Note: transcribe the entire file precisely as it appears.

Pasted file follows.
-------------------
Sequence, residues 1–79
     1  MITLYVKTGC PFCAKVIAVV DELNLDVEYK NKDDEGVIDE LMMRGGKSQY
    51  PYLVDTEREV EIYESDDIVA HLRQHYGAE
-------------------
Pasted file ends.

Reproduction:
Sequence, residues 1–79
     1  MITLYVKTGC PFCAKVIAVV DELNLDVEYK NKDDEGVIDE LMMRGGKSQY
    51  PYLVDTEREV EIYESDDIVA HLRQHYGAE